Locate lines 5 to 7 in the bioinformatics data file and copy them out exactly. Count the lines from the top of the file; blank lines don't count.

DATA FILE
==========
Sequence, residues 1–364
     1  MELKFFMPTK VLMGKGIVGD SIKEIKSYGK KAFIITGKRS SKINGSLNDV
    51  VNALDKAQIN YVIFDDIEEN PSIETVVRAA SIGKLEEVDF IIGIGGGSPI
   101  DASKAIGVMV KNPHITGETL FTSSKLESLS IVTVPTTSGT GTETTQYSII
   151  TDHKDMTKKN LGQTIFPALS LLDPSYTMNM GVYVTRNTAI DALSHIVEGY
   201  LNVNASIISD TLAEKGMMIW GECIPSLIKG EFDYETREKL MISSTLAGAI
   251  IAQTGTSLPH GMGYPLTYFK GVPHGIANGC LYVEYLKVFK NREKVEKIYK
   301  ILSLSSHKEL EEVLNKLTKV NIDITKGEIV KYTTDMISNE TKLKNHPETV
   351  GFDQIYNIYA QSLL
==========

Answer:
   151  TDHKDMTKKN LGQTIFPALS LLDPSYTMNM GVYVTRNTAI DALSHIVEGY
   201  LNVNASIISD TLAEKGMMIW GECIPSLIKG EFDYETREKL MISSTLAGAI
   251  IAQTGTSLPH GMGYPLTYFK GVPHGIANGC LYVEYLKVFK NREKVEKIYK